Alexa Maqueo Toledo was a junior in high school in Tennessee when she enrolled in Spanish 4, the first course she’d take that offered students the chance to earn both high school and college credit at the same time.

She remembers hearing that the college credit was free, and it seemed like a great opportunity to knock some college credits out of the way early. Though that was the case for most of her classmates, Maqueo Toledo quickly learned it was not the case for her. She was born in Mexico and immigrated to the United States at age two with her mother. They came on a visa and stayed in the U.S. even after it expired. In Tennessee, undocumented students are not eligible for in-state tuition or state financial aid, which she would need for dual-credit classes.

“My teacher kind of pulled me aside and was like, ‘Hey, you need to go to your guidance counselor, there’s a little bit of complications with signing you up for this class,’” said Maqueo Toledo, who is now a college access fellow at the Education Trust in Tennessee.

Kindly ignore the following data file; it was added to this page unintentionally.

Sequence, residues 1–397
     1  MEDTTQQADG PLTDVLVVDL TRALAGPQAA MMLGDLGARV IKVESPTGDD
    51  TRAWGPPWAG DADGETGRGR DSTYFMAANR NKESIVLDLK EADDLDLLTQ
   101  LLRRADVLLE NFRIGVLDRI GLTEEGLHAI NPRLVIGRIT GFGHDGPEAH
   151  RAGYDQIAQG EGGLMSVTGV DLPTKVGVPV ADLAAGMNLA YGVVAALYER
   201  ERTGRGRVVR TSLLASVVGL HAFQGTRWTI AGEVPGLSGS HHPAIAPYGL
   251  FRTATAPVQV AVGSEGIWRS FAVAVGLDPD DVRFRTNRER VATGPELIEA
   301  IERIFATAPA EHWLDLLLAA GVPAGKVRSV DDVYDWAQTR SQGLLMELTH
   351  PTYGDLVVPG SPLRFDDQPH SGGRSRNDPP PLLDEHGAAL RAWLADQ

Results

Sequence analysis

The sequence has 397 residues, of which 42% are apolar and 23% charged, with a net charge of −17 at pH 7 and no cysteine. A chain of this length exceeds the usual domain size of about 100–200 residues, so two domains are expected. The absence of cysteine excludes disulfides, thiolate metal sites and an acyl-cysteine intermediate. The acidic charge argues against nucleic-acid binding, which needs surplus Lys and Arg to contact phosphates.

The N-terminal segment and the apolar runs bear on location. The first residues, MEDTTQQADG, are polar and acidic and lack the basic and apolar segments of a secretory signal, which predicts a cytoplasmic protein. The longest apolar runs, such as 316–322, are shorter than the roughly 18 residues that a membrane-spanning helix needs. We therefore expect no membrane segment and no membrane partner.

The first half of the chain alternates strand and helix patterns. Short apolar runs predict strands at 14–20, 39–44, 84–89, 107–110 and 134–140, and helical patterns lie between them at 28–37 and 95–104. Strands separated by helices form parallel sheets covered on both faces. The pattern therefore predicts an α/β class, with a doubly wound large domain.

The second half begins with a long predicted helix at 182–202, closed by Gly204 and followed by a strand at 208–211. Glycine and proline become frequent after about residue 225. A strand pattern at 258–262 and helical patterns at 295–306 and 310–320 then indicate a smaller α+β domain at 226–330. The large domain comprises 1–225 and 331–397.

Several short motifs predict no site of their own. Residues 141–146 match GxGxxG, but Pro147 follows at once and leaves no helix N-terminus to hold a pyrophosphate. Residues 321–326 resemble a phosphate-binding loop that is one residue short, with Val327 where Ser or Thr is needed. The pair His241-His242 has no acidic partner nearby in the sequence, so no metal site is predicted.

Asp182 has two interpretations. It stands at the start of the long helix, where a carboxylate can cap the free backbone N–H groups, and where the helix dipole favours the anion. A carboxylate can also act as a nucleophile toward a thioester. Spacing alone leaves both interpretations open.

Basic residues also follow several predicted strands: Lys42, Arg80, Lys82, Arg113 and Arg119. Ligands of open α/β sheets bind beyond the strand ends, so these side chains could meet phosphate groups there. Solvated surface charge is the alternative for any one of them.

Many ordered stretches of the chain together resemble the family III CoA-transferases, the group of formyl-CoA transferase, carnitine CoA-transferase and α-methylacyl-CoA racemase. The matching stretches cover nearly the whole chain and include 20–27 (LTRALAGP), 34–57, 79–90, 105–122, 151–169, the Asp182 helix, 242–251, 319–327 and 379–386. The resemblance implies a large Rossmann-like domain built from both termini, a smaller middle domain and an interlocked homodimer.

Everything she’d heard about the dual-credit class was technically true, it just didn’t apply to her.  A state grant made the college credits free for most students, but U.S. citizenship was required. Without the grant, if she wanted to earn the college credits for the course she was already taking, she’d have to pay the community college’s out-of-state tuition rate.

An estimated 20 percent of community college students are actually high schoolers getting both high school and college credit for the courses they are taking. Students who take dual enrollment classes in high school are more likely to finish college.

Read the full article about undocumented students by Olivia Sanchez at The Hechinger Report.